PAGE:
China has always been a “multi-ethnicity country”. Han has traditionally be the ruler of China (of course the other “countries” in China are ruled by various ethnic leaders) – this is a very complicated subject, and this English website and this Chinese page show the map of China in all dynasty in history.

Now let’s look Ming and Qing.

Wu San-kuei (or Wu Sangui), a military general of the Ming empire was the direct cause of the fall of the Ming dynasty. Based on history, his obsession over his concubine, Chen YuanYuan, was the fundamental reason that he betrayed the Ming emperor.

Long story short, Wu opened the gate for the Qing army, resulting the end of Ming. Great Qing (大清), the last imperial dynasty of China, was established in 1644 by Manchu people.

Qing enjoyed a long period of prosperity, and the reigns of the Yongzheng Emperor (r. 1723–1735) and his son, the Qianlong Emperor (r. 1735–1796), marked the height of the Qing Dynasty’s power. During this period, the Qing Empire ruled over 13 million square kilometres of territory. However, towards the end of the Qing dynasty, the corruption and general addiction to opium caused enormous problem to China. The long-term weakness led Qing dynasty to an end.

During the Opium Wars, the Qing government signed multiple treaties with the western world – China calls these treaties “unequal treaties” till this very day (a personal note: I agree that there’s nothing for the western world to be proud of, but I cannot agree that these treaties are unfair. Let me quote a Chinese saying 勝者為王,敗者為寇 – basically it means: the winner is the champion and the loser only has oneself to blame.)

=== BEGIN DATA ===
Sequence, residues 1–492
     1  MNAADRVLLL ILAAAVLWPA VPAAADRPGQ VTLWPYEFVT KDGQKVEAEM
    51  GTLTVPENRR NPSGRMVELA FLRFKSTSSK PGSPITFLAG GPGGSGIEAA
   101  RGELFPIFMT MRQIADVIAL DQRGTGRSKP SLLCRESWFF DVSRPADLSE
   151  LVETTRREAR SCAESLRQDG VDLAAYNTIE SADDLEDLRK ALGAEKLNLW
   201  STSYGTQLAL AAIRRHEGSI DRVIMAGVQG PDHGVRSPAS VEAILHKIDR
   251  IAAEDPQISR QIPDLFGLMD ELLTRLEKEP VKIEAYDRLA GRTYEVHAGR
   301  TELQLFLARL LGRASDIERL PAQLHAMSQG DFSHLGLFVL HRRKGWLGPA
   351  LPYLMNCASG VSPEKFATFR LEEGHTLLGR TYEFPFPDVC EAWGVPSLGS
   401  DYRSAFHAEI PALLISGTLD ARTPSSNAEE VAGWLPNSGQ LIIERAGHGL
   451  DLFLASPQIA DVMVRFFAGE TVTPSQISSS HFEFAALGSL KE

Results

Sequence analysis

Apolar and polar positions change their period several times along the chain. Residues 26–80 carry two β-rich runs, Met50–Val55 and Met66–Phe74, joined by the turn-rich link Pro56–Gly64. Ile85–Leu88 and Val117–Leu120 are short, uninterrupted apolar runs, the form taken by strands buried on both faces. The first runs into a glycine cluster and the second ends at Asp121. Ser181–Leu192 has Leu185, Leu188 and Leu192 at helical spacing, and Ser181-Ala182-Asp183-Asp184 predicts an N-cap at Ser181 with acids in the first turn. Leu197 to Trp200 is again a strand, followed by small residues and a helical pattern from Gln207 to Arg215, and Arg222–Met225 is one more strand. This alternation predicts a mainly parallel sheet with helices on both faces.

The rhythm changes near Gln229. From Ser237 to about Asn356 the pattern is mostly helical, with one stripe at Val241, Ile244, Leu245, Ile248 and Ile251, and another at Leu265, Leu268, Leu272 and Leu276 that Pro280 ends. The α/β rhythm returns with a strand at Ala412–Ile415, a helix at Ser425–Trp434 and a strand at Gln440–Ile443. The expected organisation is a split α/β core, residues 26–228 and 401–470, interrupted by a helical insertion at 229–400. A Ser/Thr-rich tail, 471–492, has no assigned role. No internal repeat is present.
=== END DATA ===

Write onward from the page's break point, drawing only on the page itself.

The Treaty of Nanking, signed on 29 August 1842, The Qing government agreed to make Hong Kong Island a crown colony, ceding it to the British Queen “in perpetuity”. In 1860, the colony was extended with the Kowloon peninsula. In 1898, the Second Convention of Peking further expanded the colony with the 99 year lease of the New Territories.

A couple interesting facts:

  • When the western army went to China, people in Hong Kong provided food, water and many other supplies to the westerners
  • Many Han Chinese, according to other materials, supported the western troops

More to follow, this is only to explain the colony status of Hong Kong, and I’ll write more about what happened in more recent history…

Thanks for reading. Please leave comments.